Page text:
It is the ultimate in adventure travel, but it is not for the faint of heart. But the sights — from Jupiter’s churning red eye to Saturn’s glittering rings — are out of this world. The series takes viewers on a breath-taking journey through the planets in our Solar System. See stunning images of each planet including highly detailed images captured by today’s ultra high-tech telescopes. Advanced animation takes you up close and personal with these distant worlds, as we plunge through space to get a better look at the neighbours.
Category:Science Duration:45:49 Series: A Traveler Guide to the Planets
Earth may seem like the most hospitable planet in the solar system. But look again. Startling new discoveries reveal the blue planet has been plagued by more chaos and destruction than scientists once imagined. Stand on the Earth billions of years ago as a primitive planet called Theia slams into it. Shiver as our entire globe is frozen over like a gigantic snowball. Feel the heat as mammoth volcanoes scorch the landscape and darken the sky. From a cosmic gamma ray burst frying away the ozone layer to an Everest-size asteroid slamming into the ocean, we'll reveal new information about how these unparalleled events drove life to the brink of total extinction. Out of this continuous devastation, how has our planet--and life--got to where it is today? Are the worst days behind us--or lurking in the distant future?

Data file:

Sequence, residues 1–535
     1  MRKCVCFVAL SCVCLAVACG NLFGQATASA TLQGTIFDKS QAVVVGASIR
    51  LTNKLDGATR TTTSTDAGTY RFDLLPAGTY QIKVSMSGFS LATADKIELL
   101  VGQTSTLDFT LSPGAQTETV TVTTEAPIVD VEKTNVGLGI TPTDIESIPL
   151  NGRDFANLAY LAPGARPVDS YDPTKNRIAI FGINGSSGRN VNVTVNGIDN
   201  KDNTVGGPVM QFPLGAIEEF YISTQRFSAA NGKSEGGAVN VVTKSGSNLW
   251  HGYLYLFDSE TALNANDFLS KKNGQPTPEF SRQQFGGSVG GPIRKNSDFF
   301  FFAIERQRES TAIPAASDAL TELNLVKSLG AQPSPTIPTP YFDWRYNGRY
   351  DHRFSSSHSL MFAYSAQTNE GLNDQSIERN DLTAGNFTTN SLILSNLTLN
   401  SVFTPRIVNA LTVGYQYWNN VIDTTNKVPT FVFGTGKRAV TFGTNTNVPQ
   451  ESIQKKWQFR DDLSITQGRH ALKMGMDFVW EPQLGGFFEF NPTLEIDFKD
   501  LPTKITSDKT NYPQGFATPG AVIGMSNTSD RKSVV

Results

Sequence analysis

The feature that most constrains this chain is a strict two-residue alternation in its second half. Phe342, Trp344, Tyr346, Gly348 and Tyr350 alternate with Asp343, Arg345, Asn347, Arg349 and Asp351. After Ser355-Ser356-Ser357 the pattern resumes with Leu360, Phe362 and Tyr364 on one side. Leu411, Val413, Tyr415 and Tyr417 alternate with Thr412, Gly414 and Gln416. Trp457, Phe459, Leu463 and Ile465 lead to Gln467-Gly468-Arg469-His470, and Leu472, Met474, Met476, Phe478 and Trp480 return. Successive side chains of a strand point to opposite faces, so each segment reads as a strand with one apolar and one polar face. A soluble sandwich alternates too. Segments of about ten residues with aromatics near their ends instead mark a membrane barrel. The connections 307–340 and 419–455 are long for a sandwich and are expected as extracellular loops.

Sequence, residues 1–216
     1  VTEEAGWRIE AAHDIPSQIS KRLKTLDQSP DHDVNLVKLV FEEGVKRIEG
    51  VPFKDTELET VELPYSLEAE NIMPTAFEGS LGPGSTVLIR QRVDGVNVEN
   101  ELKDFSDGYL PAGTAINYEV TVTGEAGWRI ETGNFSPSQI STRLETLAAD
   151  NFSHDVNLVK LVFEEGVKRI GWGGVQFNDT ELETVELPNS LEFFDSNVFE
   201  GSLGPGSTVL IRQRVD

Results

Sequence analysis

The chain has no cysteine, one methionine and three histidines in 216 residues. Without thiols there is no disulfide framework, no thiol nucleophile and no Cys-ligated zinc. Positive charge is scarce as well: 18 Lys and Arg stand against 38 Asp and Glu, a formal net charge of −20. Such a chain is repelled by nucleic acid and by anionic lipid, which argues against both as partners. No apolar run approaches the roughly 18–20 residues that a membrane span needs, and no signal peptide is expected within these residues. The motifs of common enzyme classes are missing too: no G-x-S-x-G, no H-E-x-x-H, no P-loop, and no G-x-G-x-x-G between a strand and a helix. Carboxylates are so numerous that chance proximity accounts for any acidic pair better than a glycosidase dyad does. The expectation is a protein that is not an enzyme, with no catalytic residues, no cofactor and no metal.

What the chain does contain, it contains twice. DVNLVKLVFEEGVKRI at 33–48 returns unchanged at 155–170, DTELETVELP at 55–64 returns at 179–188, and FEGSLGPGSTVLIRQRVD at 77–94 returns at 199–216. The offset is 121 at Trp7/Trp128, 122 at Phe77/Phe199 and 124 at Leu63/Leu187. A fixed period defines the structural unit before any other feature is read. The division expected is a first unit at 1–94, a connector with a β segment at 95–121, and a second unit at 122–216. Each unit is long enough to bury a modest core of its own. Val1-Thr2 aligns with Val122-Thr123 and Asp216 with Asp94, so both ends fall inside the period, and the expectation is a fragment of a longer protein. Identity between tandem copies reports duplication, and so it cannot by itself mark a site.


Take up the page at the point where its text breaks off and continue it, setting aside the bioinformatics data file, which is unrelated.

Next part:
Category:Nature Duration:43:40 Series: The Universe
The oceans define the earth. They are crucial to life and we used to think that they were unique to our blue planet. But we were wrong. It has recently been discovered that there are oceans all over our solar system, and they are very similar to our own. And now scientists are going on an epic journey in search of new life in places that never seemed possible. Nasa is even planning to dive to the depths of a strange, distant ocean in a remarkable submarine. Discover that the hunt for oceans in space is marking the dawn of a new era in the search for alien life.
Join top scientists at the Johns Hopkins Applied Physics Laboratory in conjunction with NASA on a historic mission to the edge of our solar system with the goal of capturing the first clear images and data ever recorded of Pluto. Small, cold, and absurdly far away, Pluto has always been selfish with its secrets". Since its discovery in 1930, the dwarf planet has revolved beyond reach, its frosty surface a blurred mystery that even the most powerful telescopes can’t bring into focus. We know about Pluto. But we don’t really know it. That will change on July 14, when NASA’s New Horizons spacecraft is scheduled to fly within 8,000 miles of the frozen dwarf. It’s a risky maneuver, but if all goes well, the fleeting close encounter will unveil the last of the classical solar system’s unexplored worlds. We’ll finally get to meet the former ninth planet face-to-face—to really see its surface and that of its largest moon, Charon. Scientists have some guesses about what they might find, but the only thing they can say for sure is that Pluto promises to be a surprise.
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